How Can Social Commerce Help Build Community? Insights from Campbell Snacks Head of Social Media, Anna Ritchie
“As brands, we have a big responsibility to our community,” Annie Ritchie, Head of Social Media, Campbell Snacks
What does the evolving trend of social commerce mean for community engagement? What kinds of content can drive (or hinder) real conversion? Anna Ritchie Head of Social Media, Campbell Snacks — the group behind fan-favorites like Goldfish, Milano Cookies, and Pepperidge Farm — unpacks what all this means for brands in her afternoon session, The Social Commerce Debate: Community Builder or Destroyer?.
“As brands, we have a big responsibility to our community,” Ritchie shared. “When social commerce came on the scene, we had to think about what this means, and whether social commerce is destroying all of that.”
Creating social community
From 2010-2013, the social media world “exploded” in marketing. With platforms like Facebook and Instagram business pages, companies could quickly develop an online “persona” and build a community, create strategic content that brings both the brand and its fans together.
It was a communal, reciprocal relationship where fans could directly reach out (with comments, suggestions, and concerns) to the brand, and vice versa.
“Then social commerce came around, and it felt like it was disrupting the whole system.”
Social commerce was first introduced by Yahoo! in November 2005, and is a “subset of electronic commerce that involves using social media, online media that supports social interaction and user contributions to assist online selling of products and services.”
In other words, social commerce involves using online collaborative tools from ratings, user-generated content (UGC), and sharing of online products and info.
But all that has changed, as social media has evolved. It’s not just about numbers, KPIs, and brand engagement.
In 2019, a brand’s visual social presence is more important than ever.
According to Campbell Snack’s research, 42 percent of “Gen Z” and millennial shoppers are likely to use Instagram and aesthetic, “shoppable” photos to make a purchase. There’s been a 110% increase in social referrals to retail sites, compared to three years ago. In just one month, 130 million users “tap” products in shoppable posts they find on Instagram.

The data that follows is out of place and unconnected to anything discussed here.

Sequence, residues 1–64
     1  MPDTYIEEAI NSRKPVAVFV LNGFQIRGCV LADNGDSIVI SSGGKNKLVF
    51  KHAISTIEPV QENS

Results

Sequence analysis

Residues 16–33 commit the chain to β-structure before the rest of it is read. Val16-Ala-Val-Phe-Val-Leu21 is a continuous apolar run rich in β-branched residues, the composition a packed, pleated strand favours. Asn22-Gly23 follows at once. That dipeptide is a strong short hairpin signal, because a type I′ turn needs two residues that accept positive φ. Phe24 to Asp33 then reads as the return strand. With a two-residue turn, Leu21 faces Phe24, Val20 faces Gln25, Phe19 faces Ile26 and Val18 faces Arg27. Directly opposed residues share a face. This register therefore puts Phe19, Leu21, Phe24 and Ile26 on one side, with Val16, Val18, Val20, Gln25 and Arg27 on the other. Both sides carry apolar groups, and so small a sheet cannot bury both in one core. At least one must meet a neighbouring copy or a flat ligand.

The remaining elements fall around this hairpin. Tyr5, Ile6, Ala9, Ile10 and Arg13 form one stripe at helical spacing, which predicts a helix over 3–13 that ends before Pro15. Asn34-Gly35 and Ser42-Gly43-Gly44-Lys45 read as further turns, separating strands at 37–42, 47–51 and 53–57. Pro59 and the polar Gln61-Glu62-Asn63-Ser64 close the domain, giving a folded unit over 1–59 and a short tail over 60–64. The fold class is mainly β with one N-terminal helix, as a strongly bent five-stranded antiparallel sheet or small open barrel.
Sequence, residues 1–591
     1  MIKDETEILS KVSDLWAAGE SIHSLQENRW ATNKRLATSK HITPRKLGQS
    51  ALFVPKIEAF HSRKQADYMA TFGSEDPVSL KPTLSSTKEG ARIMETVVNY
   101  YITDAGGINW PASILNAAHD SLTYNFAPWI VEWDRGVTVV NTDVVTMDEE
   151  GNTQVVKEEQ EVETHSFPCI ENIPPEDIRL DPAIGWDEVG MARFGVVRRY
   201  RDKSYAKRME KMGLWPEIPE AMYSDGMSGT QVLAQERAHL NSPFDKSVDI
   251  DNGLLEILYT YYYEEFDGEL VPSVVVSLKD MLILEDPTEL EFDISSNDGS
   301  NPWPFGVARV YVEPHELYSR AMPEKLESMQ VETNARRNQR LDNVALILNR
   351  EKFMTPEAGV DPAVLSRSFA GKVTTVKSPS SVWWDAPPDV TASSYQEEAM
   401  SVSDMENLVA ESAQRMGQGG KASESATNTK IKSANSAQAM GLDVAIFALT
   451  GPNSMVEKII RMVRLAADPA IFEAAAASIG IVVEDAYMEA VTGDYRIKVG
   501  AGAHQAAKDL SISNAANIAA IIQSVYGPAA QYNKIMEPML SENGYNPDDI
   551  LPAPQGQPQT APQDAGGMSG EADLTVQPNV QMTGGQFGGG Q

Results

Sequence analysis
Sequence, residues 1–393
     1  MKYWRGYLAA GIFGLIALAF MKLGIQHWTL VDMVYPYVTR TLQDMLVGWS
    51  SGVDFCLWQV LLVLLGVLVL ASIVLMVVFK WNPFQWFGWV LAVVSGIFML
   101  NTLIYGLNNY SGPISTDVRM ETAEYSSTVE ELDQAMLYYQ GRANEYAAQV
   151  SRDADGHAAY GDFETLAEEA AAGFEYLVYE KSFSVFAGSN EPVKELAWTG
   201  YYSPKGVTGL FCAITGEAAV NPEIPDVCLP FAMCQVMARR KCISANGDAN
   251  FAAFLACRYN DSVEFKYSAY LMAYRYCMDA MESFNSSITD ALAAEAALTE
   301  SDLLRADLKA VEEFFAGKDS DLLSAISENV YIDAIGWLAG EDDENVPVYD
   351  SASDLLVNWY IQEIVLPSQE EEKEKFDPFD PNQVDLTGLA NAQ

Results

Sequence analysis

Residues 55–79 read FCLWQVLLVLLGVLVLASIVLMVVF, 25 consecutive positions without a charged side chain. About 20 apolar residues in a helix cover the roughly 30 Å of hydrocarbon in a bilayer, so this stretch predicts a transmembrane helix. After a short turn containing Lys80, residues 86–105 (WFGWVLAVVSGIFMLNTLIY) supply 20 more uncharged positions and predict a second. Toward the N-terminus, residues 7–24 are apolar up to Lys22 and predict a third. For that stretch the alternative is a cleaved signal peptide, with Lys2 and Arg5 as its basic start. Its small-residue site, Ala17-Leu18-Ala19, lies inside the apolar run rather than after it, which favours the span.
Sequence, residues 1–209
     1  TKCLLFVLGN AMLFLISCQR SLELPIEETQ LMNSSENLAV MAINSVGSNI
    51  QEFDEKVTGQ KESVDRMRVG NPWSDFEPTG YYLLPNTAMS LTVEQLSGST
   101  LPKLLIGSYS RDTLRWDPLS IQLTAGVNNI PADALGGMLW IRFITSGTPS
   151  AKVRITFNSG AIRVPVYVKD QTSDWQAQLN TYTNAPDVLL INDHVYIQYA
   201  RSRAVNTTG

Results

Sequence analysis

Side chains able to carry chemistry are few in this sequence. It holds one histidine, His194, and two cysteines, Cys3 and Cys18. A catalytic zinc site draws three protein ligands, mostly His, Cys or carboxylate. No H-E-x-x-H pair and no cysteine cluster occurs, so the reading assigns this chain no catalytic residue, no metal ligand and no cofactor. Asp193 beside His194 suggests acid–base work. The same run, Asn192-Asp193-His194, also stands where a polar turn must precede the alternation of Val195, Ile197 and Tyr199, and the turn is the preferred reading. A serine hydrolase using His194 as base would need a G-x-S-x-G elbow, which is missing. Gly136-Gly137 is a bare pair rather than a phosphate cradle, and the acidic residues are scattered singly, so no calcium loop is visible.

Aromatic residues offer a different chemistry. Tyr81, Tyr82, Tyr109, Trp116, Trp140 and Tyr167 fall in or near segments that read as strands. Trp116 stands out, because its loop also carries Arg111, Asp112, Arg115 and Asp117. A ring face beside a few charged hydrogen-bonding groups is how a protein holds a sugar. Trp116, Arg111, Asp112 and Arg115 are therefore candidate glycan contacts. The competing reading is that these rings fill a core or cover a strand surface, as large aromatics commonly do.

Show and tell
“As CPG (consumer packaged goods) brands, this is important info because we should seek out our fans to inspire real content,” says Ritchie. In other words, go out to the community and see how customers are using products and the ways they get creative.
By looking into their own snacking community, Campbell found that Milano cookie customers are making delicious, snackable, and shareable art. The company started sharing these creations on an Instagram account, inspiring people to get creative with Milano cookies.
Considering the fanbase demographic, amplifying the content, and understanding the way people are sharing (Pinterest, Instagram, etc.) are all things to consider when mapping out a robust social commerce plan.
It’s crucial to “prioritize customer experience over sales–do something that excites your people, both online or in-store, and set your objectives first,” Ritchie finished. “This will inspire future purchase and provide consumers the best, easiest experience.”
Ritchie also noted that “learned” content (like when an influencer naturally endorses something his/herself) also feels more authentic to customers, and tends to be more successful, than branded content.
Brand communities (online and IRL) are constantly evolving because the consumers’ expectations of brands are. Social commerce is the next evolution of that.
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